Lao Zi instructed that we keep to the child-like nature3, and this is what Zhuang Zi lost when he went into the chestnut park with his bow. So he went into retreat within his own house for three months to rediscover and recover his child heart.
This parable of Zhuang Zi is very important because it is a reminder to all of us that we must learn to adhere to our child-like heart if we expect to obtain the state of an immortal.
The thought is, what is the child-like heart? For that we need to rediscover and recover our true self. This is what Zhuang Zi was alluding to when explained he did not leave his house for three months. He went into retreat.
All of Taoist philosophy is really about returning, not advancing. Your child-like heart is something you had, but then lost, or better said, has been so covered up and concealed that we become almost totally unaware of it.
If you want it back then you need to cultivate yourself so that this child-like heart can return of its own accord. There is so much that can be said here about cultivating yourself because Taoism is entirely all about cultivating one’s true self, true nature, and child-like heart—all aspects of immortality.
Like Zhuang Zi, do something to lose your excessive obsession with the acquisition of material gain and create unrestrained satisfaction of your Six Sense Desires. As my teacher always advised, “The Taoist Way is to learn to be moderate, never excessive, and then you can more easily arrive at immortality.”
- Gazing at the muddy water means being obsessed with the “turbidity” aspects of life, and lost sight of the clear abyss is saying that Zhuang Zi had lost all “clarity” of his true nature. See Clarity and Tranquility by Stuart Alve Olson.
- Six Sense Desires: 1) Desires associated with the six sense organs—eyes, ears, nose, tongue, body, and mind. 2) Sexual desires. Generally speaking, these desires are about always wanting life to be comfortable, easy, and unhindered by retribution (karma), always seeking reward. In other words, constantly seeking a state of satisfaction rather than dissatisfaction from the material world.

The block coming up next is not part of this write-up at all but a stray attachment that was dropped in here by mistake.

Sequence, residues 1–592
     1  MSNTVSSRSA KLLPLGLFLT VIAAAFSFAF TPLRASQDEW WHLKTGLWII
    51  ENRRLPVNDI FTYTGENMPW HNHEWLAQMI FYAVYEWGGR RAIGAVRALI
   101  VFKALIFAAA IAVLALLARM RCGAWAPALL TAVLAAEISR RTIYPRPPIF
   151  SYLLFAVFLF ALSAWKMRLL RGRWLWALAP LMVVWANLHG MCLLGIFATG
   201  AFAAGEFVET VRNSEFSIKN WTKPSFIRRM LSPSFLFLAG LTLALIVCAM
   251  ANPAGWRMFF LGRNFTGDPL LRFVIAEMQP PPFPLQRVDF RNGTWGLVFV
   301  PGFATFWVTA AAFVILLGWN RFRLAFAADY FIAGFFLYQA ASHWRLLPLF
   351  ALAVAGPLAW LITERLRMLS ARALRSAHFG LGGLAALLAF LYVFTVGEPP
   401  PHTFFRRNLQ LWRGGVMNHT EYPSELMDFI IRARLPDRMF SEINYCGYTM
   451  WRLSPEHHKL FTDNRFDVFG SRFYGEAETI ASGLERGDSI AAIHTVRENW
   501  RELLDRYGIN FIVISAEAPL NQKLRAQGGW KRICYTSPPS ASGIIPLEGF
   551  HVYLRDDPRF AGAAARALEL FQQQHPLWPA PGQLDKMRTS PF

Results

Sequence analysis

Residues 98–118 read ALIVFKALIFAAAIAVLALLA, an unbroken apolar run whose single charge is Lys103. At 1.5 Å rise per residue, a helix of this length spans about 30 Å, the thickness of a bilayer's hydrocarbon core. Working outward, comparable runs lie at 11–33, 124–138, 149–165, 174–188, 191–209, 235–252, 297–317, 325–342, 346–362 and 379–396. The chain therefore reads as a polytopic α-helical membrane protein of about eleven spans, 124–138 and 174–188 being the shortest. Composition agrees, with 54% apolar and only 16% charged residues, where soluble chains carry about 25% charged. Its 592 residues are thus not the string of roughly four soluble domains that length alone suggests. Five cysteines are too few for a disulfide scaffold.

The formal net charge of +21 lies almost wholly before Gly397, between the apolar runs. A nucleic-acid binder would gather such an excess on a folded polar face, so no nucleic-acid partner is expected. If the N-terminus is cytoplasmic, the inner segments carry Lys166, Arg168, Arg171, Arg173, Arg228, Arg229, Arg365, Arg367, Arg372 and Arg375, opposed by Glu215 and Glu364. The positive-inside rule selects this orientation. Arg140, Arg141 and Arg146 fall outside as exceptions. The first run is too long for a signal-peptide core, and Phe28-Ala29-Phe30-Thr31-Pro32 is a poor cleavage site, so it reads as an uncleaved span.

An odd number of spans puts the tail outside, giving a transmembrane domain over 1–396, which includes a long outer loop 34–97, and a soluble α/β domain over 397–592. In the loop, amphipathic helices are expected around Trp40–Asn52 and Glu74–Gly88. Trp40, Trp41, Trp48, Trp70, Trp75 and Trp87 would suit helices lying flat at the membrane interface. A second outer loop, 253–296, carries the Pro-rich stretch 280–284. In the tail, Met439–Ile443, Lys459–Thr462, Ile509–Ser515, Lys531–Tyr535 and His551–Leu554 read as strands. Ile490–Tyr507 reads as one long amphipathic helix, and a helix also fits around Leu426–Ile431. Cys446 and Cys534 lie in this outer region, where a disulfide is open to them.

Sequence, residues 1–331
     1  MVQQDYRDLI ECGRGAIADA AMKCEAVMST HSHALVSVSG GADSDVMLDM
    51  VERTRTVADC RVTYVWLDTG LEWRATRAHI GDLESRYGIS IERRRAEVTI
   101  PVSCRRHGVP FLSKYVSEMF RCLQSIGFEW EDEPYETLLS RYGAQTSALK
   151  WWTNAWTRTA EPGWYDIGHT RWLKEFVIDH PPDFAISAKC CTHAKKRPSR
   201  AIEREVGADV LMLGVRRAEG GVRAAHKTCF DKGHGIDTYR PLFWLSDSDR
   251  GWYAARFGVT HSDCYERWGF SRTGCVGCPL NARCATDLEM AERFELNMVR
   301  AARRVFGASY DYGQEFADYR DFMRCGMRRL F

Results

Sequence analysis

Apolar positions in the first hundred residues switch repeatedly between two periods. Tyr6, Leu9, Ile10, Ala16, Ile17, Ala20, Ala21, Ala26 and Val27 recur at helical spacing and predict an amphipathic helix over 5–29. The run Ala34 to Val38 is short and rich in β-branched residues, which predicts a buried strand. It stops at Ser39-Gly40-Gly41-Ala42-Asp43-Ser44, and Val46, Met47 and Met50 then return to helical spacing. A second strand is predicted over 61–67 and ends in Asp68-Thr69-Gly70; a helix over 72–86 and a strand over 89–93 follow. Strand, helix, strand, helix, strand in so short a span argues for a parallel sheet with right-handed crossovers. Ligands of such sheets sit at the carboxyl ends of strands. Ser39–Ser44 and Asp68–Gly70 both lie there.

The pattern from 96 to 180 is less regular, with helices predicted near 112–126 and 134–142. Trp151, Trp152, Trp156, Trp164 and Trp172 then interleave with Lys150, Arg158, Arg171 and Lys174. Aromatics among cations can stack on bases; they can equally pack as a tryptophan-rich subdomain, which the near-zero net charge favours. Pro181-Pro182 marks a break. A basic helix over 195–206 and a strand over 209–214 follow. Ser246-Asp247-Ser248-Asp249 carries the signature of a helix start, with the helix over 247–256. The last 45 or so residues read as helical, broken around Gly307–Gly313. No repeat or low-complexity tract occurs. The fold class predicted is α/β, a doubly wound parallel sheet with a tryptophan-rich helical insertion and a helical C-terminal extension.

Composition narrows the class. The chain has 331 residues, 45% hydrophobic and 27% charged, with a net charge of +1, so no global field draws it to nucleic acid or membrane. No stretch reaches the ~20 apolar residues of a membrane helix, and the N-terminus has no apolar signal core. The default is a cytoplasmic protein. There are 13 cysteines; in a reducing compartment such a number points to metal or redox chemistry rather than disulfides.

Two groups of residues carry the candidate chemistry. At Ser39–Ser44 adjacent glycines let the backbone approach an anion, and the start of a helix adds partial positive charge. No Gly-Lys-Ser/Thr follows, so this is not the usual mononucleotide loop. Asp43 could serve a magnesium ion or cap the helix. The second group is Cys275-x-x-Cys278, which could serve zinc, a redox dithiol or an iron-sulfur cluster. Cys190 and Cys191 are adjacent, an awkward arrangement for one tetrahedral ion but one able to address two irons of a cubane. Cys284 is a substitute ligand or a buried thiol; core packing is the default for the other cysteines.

So great is this tendency in human nature that we disregard spiritual cultivation and adhere to physical satisfactions instead. Spiritual cultivation is about seeing what we truly value in life from our child-like heart. And it's about seeing that the only true satisfaction comes from spiritual connection, not from the outside world. We lose connection with ourselves and our true nature the more we chase after injurious and short lived false desires.
- Lao Zi makes many allusions to the spiritual benefits of the infant-childlike state. Zhuang Zi being a follower of Lao Zi teachings would have been greatly affected by Lao Zi’s statements, such as those that occur in the following chapters:
- “Concentrate your breath to attain softness. Can you be like an infant?” [Chapter 10]
- “Not departing from the Constant Virtue, once again you will return to the infant.” [Chapter 28]
- “Those who maintain virtue fully, are comparable to an infant.” [Chapter 55]
If you’re interested in more like this on Zhuang Zi, join us for the Member Talks every other Sunday. Starting on March 19th, Stuart will begin giving his commentary on the Zhuang Zi (a key Taoist text named after the author), followed by Q&A and discussion. We would love to see you there.
Sign up for our mailing list!
Get monthly newsletters, updates, and Taoist cultivation resources delivered to your inbox.
We will never sell your information.